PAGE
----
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25 April 2019 | Story Mamosa Makaya

Since 2016, the University of the Free State Center for Universal Access and Disability Support (CUADS) has received a grant from First National Bank worth R2 498 000, which supports tertiary bursaries for students with disabilities. Bursary holders are funded through CUADS, as the administrator of the bursaries.
  
These are students enrolled for various academic programmes who require academic assistance and/or assistive devices such as electronic handheld magnifiers, laptops, and hearing aids. The FNB grant also covers tuition, accommodation, study material and books, and meals.  The success of the grant is already evident, with one of the recipients having graduated with a Bachelor of Arts degree in December 2018. A second student was capped at the April 2019 graduations with a BSc Honours in Quantity Surveying.
 
Supporting the principles of the ITP

The UFS received the grant from FNB in instalments, starting in the 2016 academic year to date, supporting the needs of 40 disabled students. This grant and the work of CUADS speaks to and supports the principles of the Integrated Transformation Plan (ITP), namely inclusivity, transformation, and diversity. The vision of the Universal Access work stream is to enable the UFS to create an environment where students with disabilities can experience all aspects of student life equal to their non-disabled peers. The ITP provides for the recognition of the rights of people with disabilities as an important lesson in social justice and an opportunity to reinforce university values.

The successful administration of the grant to benefit past and present students is a ‘feather in the cap’ of CUADS, and is a shining example of the impact of public private investment and the endless possibilities that open up when there is a commitment to developing future leaders in academic spaces, allowing them to thrive by creating a learning environment that is welcoming and empowering.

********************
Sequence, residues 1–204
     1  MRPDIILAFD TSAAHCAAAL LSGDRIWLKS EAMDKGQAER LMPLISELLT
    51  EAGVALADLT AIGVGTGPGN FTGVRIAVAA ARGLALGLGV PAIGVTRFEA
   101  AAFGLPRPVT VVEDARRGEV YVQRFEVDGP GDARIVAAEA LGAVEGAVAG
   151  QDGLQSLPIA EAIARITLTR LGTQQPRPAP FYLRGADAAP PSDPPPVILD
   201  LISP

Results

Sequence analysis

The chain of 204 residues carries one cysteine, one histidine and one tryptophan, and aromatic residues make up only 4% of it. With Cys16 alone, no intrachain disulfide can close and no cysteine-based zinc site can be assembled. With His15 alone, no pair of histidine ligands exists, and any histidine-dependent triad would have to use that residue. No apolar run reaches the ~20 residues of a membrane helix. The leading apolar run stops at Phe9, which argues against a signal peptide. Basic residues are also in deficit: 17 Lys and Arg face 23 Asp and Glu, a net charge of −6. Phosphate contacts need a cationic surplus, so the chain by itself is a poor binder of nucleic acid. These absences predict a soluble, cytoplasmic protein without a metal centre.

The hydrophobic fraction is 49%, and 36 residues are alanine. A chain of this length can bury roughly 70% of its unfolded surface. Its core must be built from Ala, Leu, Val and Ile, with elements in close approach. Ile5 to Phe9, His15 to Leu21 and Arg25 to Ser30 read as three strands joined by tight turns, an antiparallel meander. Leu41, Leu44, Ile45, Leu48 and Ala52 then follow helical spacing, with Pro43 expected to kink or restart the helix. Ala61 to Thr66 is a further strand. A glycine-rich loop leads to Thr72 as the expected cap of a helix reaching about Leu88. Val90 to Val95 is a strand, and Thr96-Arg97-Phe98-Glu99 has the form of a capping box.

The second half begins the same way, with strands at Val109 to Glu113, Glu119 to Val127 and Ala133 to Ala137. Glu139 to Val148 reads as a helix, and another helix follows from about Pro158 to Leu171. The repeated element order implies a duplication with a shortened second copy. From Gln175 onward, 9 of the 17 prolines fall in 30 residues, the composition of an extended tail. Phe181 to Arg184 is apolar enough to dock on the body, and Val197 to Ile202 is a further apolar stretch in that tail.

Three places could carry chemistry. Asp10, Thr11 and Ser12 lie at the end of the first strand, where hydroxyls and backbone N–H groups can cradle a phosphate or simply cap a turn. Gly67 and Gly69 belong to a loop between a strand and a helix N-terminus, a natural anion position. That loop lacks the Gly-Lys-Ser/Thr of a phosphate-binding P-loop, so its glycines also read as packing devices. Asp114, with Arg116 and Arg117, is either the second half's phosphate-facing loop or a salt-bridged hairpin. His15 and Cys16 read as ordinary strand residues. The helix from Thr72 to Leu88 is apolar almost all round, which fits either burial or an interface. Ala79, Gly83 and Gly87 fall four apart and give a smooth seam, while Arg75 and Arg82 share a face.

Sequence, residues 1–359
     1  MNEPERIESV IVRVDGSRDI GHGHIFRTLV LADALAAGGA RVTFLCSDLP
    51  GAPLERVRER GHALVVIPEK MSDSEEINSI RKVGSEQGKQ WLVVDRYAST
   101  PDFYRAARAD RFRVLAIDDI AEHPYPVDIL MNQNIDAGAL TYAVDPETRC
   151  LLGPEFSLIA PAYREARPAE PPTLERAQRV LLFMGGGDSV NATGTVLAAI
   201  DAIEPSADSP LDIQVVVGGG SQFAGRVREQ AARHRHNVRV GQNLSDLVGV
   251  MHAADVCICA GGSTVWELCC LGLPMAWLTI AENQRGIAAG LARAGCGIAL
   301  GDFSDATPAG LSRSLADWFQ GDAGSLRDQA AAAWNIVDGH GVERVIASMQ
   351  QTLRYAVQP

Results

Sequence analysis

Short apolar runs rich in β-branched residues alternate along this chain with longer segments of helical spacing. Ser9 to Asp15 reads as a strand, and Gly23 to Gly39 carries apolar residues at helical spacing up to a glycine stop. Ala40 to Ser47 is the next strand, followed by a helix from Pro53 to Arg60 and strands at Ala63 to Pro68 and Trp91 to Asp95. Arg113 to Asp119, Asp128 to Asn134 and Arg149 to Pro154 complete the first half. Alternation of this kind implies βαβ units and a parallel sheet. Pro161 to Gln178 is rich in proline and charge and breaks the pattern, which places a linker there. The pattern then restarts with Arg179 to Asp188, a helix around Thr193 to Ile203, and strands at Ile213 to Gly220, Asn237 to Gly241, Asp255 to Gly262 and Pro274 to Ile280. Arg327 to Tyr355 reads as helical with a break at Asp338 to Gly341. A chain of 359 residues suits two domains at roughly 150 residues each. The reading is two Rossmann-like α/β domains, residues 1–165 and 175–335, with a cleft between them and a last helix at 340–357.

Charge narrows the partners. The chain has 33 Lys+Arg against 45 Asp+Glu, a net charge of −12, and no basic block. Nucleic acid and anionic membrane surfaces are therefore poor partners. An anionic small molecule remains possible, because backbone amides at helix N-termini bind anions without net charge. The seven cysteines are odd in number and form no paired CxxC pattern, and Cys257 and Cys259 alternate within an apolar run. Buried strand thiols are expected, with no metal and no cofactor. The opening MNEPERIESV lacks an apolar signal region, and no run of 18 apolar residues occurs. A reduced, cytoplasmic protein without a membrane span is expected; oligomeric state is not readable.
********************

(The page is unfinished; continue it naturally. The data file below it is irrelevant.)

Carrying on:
News Archive

Free software a matter of liberty, says computer programming expert
2013-09-03

Dr Richard Matthew Stallman
3 September 2013

“Free software is a matter of the users’ freedom to run, copy, distributes, study, change and improves the software.”   That is according to well-known freedom activist and programmer, Dr Richard Matthew Stallman, founder of the Free Software Foundation and leader of the GNU project.

The computer programming expert visited the Bloemfontein Campus of the University of the Free State, where he delivered a guest lecture on “A freeware generation.”

At this lecture, Dr Stallman, referred to by many as ‘the father of programming’ spoke about the threats that non-free software has and how the users are mandatory controlled by the software, instead of the user having complete freedom on the programme itself.

He told the audience in the Albert Wessels Auditorium that free software has advantages for the user, such as:

  • The freedom to run the program, for any purpose.
  • The freedom to study how the program works, and adapt it to your needs.
  • The freedom to redistribute copies so you can help your neighbour.
  • The freedom to improve the program, and release your improvements to the public, so that the whole community benefits.

Thus, ‘free software’ is a matter of liberty, not price.

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